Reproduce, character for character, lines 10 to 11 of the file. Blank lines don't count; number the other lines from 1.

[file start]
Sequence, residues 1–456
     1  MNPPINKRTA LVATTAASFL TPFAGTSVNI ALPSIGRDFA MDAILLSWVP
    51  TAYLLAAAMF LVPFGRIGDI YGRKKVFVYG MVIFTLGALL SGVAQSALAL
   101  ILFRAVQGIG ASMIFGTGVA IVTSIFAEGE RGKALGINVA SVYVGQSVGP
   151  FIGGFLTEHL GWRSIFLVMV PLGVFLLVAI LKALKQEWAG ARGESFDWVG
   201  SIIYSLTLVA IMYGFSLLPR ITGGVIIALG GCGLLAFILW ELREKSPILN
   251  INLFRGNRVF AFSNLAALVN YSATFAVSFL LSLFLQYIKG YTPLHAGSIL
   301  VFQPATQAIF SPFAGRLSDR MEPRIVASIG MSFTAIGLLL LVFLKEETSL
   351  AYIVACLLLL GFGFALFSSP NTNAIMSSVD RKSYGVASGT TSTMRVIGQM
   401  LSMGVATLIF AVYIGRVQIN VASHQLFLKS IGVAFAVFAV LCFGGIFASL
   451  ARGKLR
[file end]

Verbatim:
   401  LSMGVATLIF AVYIGRVQIN VASHQLFLKS IGVAFAVFAV LCFGGIFASL
   451  ARGKLR